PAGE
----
White Jesus

There is a ferment in America today over monuments, especially statues – what they mean, who they should depict, where they should be placed, and so on. It’s a highly contentious time.

A couple of weeks ago, Shaun King, a Black Rights Matter activist, made this post on Twitter in response to a post by a right-wing blogger.

King said: “Yes, I think the statues of the white European they claim is Jesus should also come down. They are a form of white supremacy. Always have been. … Tear them down.” In later posts, he added that statues of a white Virgin Mary and white disciples also need to go.

What I want to tell you today is that King is both absolutely right and absolutely wrong.

Mind you, I’m not arguing for a compromise, a position in between, some of this and some of that. Nor am I saying that this is a paradox, an apparent contradiction that somehow really isn’t a contradiction.

No, I am telling you that he is 100 percent correct. The images we have of white Jesus are a form of white supremacy and should come down. At the same time, he is 100 percent wrong. Properly understood, these images could be valuable to our understanding of who Jesus was and who Jesus is for us today.

Those are two dimensions of the truth that make King both right and wrong at the same time. Those two dimensions are historical accuracy and inculturation of the gospel.

First, historical accuracy. I hope I am not shattering any illusions by telling you that Jesus was not white.

The Bible tells us nothing of what Jesus looked like.

The prophet Isaiah says this of the Suffering Servant, the one who personifies Israel and suffers for the world: “He had no form or majesty that we should look at him, nothing in his appearance that we should desire him” (Isaiah 53:2 NRSV).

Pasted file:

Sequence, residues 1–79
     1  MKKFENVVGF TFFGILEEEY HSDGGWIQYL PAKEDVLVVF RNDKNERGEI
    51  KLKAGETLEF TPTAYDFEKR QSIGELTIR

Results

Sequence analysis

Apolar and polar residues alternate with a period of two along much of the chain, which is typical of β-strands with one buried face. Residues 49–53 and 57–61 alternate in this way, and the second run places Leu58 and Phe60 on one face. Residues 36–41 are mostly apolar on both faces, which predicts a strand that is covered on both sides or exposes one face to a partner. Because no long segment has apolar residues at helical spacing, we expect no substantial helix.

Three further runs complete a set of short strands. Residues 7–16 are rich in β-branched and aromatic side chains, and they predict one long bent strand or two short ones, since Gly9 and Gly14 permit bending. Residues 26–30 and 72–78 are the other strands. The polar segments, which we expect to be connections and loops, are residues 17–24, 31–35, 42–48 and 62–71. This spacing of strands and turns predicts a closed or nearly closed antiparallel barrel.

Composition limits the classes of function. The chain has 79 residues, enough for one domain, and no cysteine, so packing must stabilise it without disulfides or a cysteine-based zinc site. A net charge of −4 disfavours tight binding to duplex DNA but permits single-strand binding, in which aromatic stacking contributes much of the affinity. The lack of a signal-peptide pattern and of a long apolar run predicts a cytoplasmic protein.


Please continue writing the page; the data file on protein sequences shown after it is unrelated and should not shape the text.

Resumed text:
The New Testament hints that there is nothing distinctive about the way Jesus looks. When soldiers come to arrest him in the Garden of Gethsemane, Judas has to identify him, so the soldiers know who to arrest. He doesn’t stand out among the 11 others who are with him. No halo, no obvious signs of holiness or anything else different about him. (Matthew 26:48, Mark 14:44, John 18:4, 5)

So he must have looked like most any other Middle Eastern male Jew of the time: dark brown or black hair, brown eyes, olive skin. He wouldn’t have been tall, maybe five foot five. He probably was bearded. If we correctly interpret a remark by the Apostle Paul, his hair would have been relatively short (1 Corinthians 11.14) – except maybe for those long forelocks required by Leviticus 19:27.

Here’s a photo of a modern Hasidic Jew, showing one way to wear your forelocks long – curled or braided, perhaps. Let me compare him with a modern depiction of Jesus. This is from a movie version of the gospels called the Lumo Project. Jesus is portrayed by British actor Selva Rasalingham. He is half white and half Tamil. I mention that because the Tamil people in India trace their ancestry through many races. Park that thought to one side – a Jesus of many races. We’ll return to it.

I like Rasalingham as the face of Jesus. But I see three problems. One, hair too long, not to mention artfully umcombed. Two, no forelocks. Three, he was about 50 in this photo, making him 20 years too old.